Aerial View of Angkor Wat
We caught the 8:00 Bangkokair flight from Bangkok to Siem Reap, Cambodia. We planned spending the next 3 days in Siem Reap and visiting the Angkor Complex. Based on the vacation days we had left we decided not to visit any other location in this mysterious and historical country.
The Kingdom of Cambodia has a population of almost 15 million people, with Phnom Penh being the capital city. Cambodia is the successor state of the once powerful Hindu and Buddhist Khmer Empire, which ruled most of the Indochinese Peninsula between the eleventh and fourteenth centuries.
A citizen of Cambodia is usually identified as "Cambodian" or "Khmer", which strictly refers to ethnic Khmers. Most Cambodians are Theravada Buddhists of Khmer extraction, but the country also has a substantial number of predominantly Muslim Cham, as well as ethnic Chinese, Vietnamese and small animist hill tribes. The country shares a border with Thailand to its west and northwest, with Laos to its northeast, and with Vietnam to its east and southeast. In the south it faces the Gulf of Thailand. The geography of Cambodia is dominated by the Mekong river and the Tonlé Sap (the fresh water lake), an important source of fish. The low geography of Cambodia's fertile areas means much of the country sits nearly below sea level, and consequently the Tonle Sap River reverses its water flow in the wet season, carrying water from the Mekong back into the Tonle Sap Lake and surrounding flood plain.
Children all over Rute
The first advanced civilizations in present day Cambodia appeared in the 1st millennium AD. During the 3rd, 4th, and 5th centuries, the Indianised states of Funan and Chenla coalesced in what is now present-day Cambodia and southwestern Vietnam. These states, which are assumed by most scholars to have been Khmer, had close relations with China and India. Their collapse was followed by the rise of the Khmer Empire, a civilization which flourished in the area from the 9th century to the 13th century.
Though declining after this period, the Khmer Empire remained powerful in the region until the 15th century. The empire's center of power was Angkor, where a series of capitals were constructed during the empire's zenith. Angkor Wat, the most famous and best preserved religious temple at the site, is a symbolic reminder of Cambodia's past as a major regional power.
After a long series of wars with neighboring kingdoms, Angkor was sacked by the Thai and abandoned in 1432. The court moved the capital to Lovek where the kingdom sought to regain its glory through maritime trade. The attempt was short-lived, however, as continued wars with the Thai and Vietnamese resulted in the loss of more territory and the conquering of Lovek in 1594. During the next three centuries, The Khmer kingdom alternated as a vassal state of the Thai and Vietnamese kings, with short-lived periods of relative independence between.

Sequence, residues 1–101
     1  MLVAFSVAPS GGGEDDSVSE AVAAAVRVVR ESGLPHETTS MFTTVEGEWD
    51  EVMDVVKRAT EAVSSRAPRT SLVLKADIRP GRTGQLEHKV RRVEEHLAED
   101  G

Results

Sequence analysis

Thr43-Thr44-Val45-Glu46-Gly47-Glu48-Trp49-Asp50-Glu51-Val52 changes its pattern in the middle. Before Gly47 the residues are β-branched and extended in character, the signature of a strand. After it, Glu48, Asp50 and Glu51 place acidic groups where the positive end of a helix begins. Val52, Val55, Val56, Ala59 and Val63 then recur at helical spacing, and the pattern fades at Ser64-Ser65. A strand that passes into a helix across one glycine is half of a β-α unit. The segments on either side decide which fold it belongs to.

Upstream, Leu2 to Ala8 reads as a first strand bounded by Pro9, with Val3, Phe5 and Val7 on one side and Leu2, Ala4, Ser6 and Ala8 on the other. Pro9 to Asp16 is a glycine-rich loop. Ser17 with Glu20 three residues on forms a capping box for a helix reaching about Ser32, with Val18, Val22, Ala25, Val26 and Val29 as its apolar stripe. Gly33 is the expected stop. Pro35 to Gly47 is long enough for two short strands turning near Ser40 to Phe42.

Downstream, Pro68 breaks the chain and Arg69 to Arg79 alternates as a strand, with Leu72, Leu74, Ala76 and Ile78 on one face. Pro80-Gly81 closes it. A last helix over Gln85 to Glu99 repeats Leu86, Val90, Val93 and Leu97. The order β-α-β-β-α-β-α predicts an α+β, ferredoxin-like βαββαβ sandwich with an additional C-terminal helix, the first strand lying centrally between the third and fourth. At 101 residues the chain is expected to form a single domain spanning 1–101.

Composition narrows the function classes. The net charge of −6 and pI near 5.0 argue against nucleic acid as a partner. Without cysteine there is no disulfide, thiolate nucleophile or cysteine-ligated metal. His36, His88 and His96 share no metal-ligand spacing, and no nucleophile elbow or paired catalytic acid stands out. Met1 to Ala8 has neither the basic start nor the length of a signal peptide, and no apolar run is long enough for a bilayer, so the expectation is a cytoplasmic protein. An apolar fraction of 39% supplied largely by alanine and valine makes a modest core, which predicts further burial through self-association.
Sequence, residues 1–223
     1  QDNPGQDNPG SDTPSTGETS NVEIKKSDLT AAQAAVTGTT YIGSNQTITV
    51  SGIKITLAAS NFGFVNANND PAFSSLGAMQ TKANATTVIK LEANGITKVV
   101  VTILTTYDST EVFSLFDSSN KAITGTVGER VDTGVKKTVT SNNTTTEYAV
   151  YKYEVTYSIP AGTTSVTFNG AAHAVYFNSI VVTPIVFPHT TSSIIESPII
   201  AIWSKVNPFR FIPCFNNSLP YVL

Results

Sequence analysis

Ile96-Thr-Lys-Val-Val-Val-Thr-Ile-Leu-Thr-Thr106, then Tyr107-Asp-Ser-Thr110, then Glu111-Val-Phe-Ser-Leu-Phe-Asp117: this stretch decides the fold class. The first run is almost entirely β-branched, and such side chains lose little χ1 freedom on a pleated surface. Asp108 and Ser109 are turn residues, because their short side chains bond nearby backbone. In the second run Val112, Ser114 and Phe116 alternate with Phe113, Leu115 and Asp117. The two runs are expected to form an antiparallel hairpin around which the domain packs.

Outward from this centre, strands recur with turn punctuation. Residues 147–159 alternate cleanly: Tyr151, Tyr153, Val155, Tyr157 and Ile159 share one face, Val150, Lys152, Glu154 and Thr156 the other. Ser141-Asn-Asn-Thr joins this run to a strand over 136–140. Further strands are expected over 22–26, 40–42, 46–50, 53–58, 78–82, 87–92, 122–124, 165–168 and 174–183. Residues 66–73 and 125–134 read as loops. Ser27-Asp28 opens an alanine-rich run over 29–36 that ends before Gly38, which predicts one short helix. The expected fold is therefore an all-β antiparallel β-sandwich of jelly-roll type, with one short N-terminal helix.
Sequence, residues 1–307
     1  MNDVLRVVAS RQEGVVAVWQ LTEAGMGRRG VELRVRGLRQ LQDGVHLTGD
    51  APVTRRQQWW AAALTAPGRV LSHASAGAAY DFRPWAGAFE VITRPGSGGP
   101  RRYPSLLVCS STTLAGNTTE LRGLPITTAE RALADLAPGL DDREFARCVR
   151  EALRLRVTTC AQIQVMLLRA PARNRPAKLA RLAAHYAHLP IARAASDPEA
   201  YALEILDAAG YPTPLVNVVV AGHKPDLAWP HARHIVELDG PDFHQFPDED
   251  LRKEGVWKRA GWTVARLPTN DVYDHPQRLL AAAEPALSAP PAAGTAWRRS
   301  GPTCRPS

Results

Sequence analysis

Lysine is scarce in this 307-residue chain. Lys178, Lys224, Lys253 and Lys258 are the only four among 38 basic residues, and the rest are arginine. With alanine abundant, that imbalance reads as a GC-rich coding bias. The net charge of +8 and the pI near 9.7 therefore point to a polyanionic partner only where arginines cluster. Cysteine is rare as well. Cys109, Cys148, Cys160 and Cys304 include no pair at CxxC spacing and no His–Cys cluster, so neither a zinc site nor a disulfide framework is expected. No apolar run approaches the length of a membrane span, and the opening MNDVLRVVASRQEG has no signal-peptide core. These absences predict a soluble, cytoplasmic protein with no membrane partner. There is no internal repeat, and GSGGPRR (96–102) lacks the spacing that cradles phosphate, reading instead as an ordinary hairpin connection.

In 1863 King Norodom, who had been installed by Thailand, sought the protection of France. In 1867, the Thai king signed a treaty with France, renouncing Suzerainty over Cambodia in exchange for the control of Battambang and Siem Reap provinces which officially became part of Thailand.
The provinces were ceded back to Cambodia by a border treaty between France and Thailand in 1906.
I had to pay this kid 1 USD for this photo!
Cambodia continued as a protectorate of France from 1863 to 1953, administered as part of the French colony of Indochina. After war-time occupation by the Japanese empire from 1941 to 1945, Cambodia gained independence from France on November 9, 1953. It became a constitutional monarchy under King Norodom Sihanouk.
In 1955, Sihanouk abdicated in favor of his father in order to be elected Prime Minister. Upon his father's death in 1960, Sihanouk again became head of state, taking the title of Prince.
As the Vietnam War progressed, Sihanouk adopted an official policy of neutrality until ousted in 1970 by a military coup led by Prime Minister General Lon Nol and Prince Sisowath Sirik Matak, while on a trip abroad. From Beijing, Sihanouk realigned himself with the communist Khmer Rouge rebels who had been slowly gaining territory in the remote mountain regions and urged his followers to help in overthrowing the pro-United States government of Lon Nol, hastening the onset of civil war.
Children trying to sell travel books and postcards
Operation Menu, a series of secret B-52 bombing raids by the United States on suspected Viet Cong bases and supply routes inside Cambodia, was acknowledged after Lon Nol assumed power; U.S. forces briefly invaded Cambodia in a further effort to disrupt the Viet Cong. The bombing continued and, as the Cambodian communists began gaining ground, eventually included strikes on suspected Khmer Rouge sites until halted in 1973. Estimates of the number of Cambodians killed during the bombing campaigns vary widely. The Khmer Rouge reached Phnom Penh and took power in 1975, changing the official name of the country to Democratic Kampuchea, led by Pol Pot.
Angkor Wat group photo